Zoe arranged a specialist secondary consult with Take Two’s Occupational Therapist who identified Elle was a ‘sensory seeker’ – someone always looking for more ways to satisfy her senses. It was this sensory seeking (making up for the cuddles and physical contact she’d never had enough of) that was causing her to cling onto adults and to hurt other children and animals by trying to hold onto them too tight. Elle had not experienced and learnt to expect attuned soft touch or firm touch that didn’t turn into something quite punitive.

Take Two provided Trisha with suggestions to increase Elle’s sensory input at home and improve their relationship, including:

– bouncing, rolling and sitting on a big inflatable ball (helping her experience self-directed deep pressure and movement-based sensory input)
– being brushed or brushing herself with a therabrush (more self-directed deep pressure touch which is inherently regulating for most people)
– dancing and jumping around to music (learning to enjoy her body in healthy ways through music, movement and rhythm)
– doing activities with a theraband  (deep pressure, and moves muscles slowly and with intensity which is naturally regulating for the lower parts of the brain)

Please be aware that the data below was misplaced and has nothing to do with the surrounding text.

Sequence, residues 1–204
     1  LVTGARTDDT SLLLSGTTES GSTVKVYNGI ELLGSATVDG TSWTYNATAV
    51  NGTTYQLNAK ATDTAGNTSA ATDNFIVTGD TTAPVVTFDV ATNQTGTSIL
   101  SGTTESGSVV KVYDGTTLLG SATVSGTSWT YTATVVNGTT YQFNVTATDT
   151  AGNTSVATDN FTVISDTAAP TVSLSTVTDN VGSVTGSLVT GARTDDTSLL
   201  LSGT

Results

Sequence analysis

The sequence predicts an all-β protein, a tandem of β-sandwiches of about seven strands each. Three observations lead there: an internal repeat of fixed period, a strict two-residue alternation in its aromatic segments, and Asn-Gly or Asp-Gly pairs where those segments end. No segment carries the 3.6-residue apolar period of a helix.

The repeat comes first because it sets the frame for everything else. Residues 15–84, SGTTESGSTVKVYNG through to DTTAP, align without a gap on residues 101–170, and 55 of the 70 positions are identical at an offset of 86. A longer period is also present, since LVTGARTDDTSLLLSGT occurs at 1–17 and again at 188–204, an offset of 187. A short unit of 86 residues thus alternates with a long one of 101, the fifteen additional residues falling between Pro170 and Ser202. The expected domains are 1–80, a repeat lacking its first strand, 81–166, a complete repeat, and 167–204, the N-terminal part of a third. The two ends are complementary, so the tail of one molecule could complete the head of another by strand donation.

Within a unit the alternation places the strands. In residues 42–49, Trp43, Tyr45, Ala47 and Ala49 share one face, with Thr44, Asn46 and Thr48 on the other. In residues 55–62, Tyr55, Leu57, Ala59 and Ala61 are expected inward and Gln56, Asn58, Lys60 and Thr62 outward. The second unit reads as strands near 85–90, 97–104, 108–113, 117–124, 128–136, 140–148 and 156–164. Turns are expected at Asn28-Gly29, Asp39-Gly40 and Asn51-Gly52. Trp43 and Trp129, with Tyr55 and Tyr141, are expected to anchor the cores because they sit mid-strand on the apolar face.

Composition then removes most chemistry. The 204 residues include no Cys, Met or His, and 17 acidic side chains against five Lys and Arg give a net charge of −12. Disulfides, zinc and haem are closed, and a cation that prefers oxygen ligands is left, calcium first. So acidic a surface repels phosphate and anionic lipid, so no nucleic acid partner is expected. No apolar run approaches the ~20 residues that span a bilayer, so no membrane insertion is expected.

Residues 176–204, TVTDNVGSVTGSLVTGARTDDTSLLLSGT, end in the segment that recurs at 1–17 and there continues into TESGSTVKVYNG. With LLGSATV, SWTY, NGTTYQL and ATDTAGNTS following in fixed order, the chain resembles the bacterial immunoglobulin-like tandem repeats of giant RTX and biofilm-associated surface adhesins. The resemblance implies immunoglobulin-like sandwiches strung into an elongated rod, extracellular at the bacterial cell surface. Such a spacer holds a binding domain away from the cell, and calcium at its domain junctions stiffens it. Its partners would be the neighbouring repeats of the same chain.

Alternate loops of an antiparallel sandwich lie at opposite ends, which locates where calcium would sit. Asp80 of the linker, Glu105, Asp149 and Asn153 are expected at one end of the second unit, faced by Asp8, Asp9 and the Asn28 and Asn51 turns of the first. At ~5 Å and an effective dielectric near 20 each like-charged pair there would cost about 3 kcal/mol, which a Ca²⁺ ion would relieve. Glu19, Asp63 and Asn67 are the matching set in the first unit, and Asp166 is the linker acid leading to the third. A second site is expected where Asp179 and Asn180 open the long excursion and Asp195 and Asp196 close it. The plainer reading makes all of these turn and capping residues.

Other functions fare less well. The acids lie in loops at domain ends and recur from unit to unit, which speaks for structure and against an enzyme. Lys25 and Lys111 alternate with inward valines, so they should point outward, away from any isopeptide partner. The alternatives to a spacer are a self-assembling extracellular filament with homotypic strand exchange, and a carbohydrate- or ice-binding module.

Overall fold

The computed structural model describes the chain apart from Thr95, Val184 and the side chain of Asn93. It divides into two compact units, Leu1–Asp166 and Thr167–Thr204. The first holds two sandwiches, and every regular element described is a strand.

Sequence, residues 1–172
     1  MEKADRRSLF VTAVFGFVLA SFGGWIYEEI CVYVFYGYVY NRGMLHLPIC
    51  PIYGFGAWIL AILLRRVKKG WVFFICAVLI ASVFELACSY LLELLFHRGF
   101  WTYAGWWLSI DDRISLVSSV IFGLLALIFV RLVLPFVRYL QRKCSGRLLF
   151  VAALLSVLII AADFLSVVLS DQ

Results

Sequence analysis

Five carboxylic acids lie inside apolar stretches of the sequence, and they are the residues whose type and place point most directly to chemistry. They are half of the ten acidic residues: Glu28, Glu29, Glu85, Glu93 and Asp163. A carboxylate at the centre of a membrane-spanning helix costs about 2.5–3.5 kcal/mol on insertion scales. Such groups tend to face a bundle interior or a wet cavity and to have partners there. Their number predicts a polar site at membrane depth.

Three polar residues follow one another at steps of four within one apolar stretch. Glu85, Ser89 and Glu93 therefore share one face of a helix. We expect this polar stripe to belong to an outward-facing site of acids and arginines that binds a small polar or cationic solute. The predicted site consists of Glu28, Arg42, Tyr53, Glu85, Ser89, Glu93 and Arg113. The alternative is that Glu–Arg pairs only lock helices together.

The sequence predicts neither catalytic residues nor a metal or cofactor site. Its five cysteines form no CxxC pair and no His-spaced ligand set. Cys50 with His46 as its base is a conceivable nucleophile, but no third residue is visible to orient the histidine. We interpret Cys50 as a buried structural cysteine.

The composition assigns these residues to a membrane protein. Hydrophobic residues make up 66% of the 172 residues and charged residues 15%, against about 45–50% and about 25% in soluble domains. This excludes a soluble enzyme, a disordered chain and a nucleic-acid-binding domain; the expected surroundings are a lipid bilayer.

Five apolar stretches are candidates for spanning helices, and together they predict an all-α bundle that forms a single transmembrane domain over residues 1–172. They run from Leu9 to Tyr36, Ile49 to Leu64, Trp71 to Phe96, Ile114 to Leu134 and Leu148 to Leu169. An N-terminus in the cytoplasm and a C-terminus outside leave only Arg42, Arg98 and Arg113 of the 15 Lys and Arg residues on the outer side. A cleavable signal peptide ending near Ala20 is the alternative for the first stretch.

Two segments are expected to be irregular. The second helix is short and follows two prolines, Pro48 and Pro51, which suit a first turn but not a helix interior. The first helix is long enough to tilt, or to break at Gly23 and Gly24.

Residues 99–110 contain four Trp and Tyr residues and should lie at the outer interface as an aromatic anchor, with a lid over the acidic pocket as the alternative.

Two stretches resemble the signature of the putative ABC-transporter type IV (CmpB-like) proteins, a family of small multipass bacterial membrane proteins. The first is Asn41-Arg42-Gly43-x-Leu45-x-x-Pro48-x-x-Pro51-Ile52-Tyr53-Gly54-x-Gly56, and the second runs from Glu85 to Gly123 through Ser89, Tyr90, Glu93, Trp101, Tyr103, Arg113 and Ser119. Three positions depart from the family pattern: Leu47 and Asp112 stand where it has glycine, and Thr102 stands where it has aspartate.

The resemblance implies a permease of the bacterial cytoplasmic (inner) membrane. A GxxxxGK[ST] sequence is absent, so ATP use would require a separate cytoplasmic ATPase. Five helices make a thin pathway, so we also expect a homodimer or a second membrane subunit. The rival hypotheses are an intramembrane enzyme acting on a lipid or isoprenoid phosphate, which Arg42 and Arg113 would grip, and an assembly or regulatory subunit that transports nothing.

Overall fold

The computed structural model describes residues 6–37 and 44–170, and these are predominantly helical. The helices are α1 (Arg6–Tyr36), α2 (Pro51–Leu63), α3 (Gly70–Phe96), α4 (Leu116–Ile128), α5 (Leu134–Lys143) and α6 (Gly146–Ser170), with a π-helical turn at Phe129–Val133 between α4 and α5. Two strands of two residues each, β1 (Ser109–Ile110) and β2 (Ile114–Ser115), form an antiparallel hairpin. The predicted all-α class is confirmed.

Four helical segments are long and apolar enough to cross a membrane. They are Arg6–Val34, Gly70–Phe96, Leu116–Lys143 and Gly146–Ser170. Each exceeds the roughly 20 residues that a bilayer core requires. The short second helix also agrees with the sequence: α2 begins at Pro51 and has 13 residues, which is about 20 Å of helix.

– using a weighted blanket when she is sitting and sleeping (this works like an intense self-hug which helps her body feel contained and safe)
– having lots of hugs, piggybacks and hand massages on the couch with Trisha (learning about safe, predictable relational touch).

The local Centre Against Sexual Assault provided specialist advice to Zoe on helping Elle deal with the sexual abuse she’d suffered.

Zoe helped fast-track Elle into a Special Development School and arranged Trisha some regular respite care. Zoe then started leading trauma-informed reflective practice and psycho-education sessions for Elle’s care team which included several staff from her new school, Trisha and her DHHS case manager. They set about a systemic re-patterning of Elle’s days and relationships using Dr Kristie Brandt’s Mobius Care Tile and Grout approach.

The approach recognises that healing happens within safe relationships and there are potential healing moments in every hour of every day. Based on the findings of the NMT assessment they created activities and opportunities for Elle to spend time with caring adults throughout her day at school and at home. The approach created a predictable week for Elle and built a web of therapeutic relationships around her.